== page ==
RTW – What Makes a Book a Movie?

This week, YA Highway’s Road Trip Wednesday offers up the blog prompt What is it that makes some books ideal for a film translation? I feel a little like that kid in class whose teacher finally asks a question she knows the answer to. The kid who suddenly wakes up and waves her arm, praying the teacher will call on her.

Well, okay, I’m not that much of an expert on books being adapted into movies. But I have written a half-dozen or so screenplays and have written and produced a few short films. My book Tankborn and its sequels Awakening and Revolution were all adapted from a film script to books (so I’m hoping they can some day go the other way too). So I’ve actually thought a lot about what kind of books make good movies.

IMHO, the one quality that makes a book most adaptable into film is a high concept premise. What’s high concept? I define it as a premise that can easily be described in one sentence. I’ve also heard it defined as a premise for which you can immediately imagine its movie poster. Hunger Games is an excellent example. In the future, teens are chosen in a lottery for a fight to the death with other teens. Jurassic Park–scientists recreate dinosaurs using DNA and the dinosaurs fight back. I think Scott Westerfeld’s Uglies books, in which “ugly” children are converted to “pretties” at age 16, but there’s something rotten at the core of the process, is pretty high concept and would make a fantastic film franchise.

But not every movie is high concept, nor is every book that’s adapted to film high concept. Another crucial quality is that the book is very visual. There’s plenty of action on the page as opposed to lots of internal dialogue or long descriptive passages. There’s a whole lot of the novel Pride and Prejudice that’s left out of the movie because it just doesn’t translate into the visual medium of film.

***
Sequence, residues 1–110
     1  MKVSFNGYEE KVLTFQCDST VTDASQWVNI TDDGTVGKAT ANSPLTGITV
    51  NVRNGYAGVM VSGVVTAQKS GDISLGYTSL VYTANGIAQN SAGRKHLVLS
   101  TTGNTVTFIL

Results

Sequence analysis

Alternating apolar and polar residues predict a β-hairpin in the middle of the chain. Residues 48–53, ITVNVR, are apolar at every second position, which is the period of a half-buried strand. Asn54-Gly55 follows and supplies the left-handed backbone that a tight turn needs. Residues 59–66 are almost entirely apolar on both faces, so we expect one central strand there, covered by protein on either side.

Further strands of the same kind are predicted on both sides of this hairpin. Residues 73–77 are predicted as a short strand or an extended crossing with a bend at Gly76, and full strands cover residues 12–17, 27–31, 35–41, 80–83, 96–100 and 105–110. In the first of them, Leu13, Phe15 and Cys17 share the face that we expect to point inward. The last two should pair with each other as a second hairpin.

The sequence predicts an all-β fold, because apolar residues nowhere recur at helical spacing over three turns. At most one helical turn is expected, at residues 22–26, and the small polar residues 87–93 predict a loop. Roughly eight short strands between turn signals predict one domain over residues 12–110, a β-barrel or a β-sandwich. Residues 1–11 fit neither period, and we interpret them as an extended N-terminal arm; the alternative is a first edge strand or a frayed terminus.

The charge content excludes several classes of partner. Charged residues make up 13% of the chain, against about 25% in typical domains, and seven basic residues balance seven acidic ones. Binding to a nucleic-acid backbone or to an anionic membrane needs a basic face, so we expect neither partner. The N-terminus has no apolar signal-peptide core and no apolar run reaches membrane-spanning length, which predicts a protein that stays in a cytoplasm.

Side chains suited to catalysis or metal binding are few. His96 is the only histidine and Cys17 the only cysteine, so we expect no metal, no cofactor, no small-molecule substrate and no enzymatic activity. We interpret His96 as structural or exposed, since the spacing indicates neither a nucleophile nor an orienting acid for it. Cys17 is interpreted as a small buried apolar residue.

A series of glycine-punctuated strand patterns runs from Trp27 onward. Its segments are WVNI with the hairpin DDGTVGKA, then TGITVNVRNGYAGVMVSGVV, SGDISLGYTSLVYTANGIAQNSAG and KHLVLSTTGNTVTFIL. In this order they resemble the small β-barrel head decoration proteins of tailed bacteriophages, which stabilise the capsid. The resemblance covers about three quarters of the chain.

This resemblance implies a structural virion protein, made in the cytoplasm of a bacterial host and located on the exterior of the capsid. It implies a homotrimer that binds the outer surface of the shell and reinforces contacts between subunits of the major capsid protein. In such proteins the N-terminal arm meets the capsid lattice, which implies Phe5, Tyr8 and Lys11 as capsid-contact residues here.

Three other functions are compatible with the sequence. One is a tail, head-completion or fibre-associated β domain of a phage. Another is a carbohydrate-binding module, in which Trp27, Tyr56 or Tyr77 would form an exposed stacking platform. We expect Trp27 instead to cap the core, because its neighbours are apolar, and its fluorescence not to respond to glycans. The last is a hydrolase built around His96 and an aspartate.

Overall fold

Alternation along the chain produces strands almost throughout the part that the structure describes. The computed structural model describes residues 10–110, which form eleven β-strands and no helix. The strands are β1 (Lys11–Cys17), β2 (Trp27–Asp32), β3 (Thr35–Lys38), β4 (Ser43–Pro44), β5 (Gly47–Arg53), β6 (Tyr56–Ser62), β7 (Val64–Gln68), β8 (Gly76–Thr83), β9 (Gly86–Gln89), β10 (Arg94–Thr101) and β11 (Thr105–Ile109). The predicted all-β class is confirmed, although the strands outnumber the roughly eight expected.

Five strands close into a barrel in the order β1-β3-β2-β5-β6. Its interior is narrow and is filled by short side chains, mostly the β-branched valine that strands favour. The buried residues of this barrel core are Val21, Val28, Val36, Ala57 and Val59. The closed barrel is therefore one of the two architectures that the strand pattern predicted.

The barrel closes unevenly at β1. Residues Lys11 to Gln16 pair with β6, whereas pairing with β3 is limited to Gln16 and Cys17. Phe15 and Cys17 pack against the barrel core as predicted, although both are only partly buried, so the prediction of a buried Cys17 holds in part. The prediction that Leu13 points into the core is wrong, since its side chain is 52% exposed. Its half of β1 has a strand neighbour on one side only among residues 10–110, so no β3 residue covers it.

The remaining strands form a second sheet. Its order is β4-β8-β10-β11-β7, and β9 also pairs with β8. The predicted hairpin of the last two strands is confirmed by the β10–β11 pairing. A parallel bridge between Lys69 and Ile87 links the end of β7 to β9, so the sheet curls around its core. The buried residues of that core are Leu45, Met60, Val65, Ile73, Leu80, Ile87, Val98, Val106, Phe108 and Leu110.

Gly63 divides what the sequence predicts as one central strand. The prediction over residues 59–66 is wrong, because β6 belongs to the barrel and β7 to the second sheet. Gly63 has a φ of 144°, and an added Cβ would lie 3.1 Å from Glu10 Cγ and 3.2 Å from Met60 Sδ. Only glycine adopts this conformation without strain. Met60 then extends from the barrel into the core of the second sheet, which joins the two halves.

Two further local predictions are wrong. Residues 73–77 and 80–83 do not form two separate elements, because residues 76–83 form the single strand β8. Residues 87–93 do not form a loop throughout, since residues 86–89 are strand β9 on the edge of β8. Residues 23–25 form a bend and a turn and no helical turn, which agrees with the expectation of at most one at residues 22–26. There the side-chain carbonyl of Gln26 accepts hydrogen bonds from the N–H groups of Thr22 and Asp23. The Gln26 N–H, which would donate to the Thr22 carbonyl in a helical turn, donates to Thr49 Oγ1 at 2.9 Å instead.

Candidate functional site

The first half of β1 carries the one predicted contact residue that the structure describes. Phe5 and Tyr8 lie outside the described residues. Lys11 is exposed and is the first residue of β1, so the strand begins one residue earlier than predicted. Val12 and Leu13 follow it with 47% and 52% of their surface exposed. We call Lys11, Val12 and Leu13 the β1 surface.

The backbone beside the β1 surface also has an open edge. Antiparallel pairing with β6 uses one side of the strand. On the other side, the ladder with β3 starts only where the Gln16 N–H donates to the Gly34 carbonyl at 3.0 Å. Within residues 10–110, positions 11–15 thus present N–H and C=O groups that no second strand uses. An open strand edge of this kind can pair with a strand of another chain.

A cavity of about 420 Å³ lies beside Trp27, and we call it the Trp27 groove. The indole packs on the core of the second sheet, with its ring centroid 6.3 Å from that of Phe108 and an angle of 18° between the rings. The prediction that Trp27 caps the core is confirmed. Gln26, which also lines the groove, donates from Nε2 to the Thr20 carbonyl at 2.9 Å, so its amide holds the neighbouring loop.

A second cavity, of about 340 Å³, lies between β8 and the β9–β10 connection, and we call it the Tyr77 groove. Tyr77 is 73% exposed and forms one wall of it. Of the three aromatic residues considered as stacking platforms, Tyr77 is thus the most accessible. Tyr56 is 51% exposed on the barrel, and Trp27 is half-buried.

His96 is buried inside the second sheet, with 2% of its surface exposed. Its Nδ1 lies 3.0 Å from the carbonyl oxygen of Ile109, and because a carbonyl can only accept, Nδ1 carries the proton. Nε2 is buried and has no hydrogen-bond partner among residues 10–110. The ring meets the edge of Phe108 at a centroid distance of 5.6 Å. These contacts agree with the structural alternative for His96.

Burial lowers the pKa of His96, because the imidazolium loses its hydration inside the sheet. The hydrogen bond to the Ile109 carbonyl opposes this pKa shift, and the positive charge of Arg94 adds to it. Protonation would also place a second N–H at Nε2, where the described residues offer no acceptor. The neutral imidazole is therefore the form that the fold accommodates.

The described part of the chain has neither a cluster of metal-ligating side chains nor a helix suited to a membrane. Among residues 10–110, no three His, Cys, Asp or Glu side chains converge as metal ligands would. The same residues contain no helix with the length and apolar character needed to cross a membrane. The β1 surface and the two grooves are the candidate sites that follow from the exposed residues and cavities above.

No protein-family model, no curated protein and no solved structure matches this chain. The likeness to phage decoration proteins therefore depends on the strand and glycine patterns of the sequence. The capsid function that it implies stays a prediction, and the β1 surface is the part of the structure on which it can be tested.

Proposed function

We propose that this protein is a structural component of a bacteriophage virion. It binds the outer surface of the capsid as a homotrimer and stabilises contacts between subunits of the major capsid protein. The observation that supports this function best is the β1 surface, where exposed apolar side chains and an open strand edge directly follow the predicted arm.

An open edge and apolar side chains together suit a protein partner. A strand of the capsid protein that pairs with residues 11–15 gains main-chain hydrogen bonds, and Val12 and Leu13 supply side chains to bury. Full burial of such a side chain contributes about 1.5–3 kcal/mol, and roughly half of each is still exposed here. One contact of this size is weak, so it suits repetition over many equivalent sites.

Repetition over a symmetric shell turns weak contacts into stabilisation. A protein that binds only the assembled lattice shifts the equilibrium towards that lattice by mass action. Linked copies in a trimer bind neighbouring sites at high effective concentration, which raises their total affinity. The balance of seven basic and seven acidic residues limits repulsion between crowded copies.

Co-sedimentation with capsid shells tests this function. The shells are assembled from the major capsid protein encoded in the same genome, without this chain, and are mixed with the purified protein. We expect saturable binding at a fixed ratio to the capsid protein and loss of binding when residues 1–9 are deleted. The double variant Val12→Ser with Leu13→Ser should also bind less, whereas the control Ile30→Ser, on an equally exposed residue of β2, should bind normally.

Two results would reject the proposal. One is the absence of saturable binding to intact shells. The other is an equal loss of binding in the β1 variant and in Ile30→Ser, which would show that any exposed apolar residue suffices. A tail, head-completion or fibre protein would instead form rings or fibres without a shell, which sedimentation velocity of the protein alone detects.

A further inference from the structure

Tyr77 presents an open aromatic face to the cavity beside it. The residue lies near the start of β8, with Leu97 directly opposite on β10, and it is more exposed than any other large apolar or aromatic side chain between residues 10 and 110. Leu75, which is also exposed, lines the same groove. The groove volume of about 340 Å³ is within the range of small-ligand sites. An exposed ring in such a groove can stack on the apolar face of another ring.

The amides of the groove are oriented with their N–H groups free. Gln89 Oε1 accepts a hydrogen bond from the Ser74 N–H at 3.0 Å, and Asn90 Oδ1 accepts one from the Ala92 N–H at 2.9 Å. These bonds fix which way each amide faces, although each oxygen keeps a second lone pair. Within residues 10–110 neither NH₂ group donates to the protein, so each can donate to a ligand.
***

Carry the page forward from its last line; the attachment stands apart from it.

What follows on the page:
A third quality of a filmable book is that its story already follows a three act structure. I bet if you analyzed the movies you’ve seen, you’ll see the three act structure in most of them.

What does that structure look like? The first act sets up the characters and their story dilemma, then there’s an inciting incident at the end of the first act that sets the hero/heroine on his/her way to their goal. The stakes continually rise in the second act, and there will be a turning point in the middle that changes everything, then a dark moment at the end of the second act. Then there’s the third act’s climax and denouement.

Think about some of the books you’ve read, and I’ll bet many of them use this three act structure. Maybe the author made a conscious decision to write their book that way, or maybe the book ended up with three act structure because it’s a great way to write a story.

So think about your own book, or if you’re not a writer, think about a fiction book you’ve recently read. Is it high concept (can you describe it in one sentence)? Is it extremely visual? Is it already written in a three act structure? Then you might have a very film adaptable story. I hope Hollywood comes knocking.

About karensandler

Lover of chocolate. A couple felines short of full-fledged Cat Lady. Author of the YA Tankborn Trilogy (TANKBORN, AWAKENING, and REBELLION), from Tu Books. Founding team member of We Need Diverse Books. Opinions expressed here are my own.
This entry was posted in Books, Strongly Held Beliefs, Tankborn Origins, The Writing Life, Writing Craft and tagged , , , , , , , , , , , . Bookmark the permalink.

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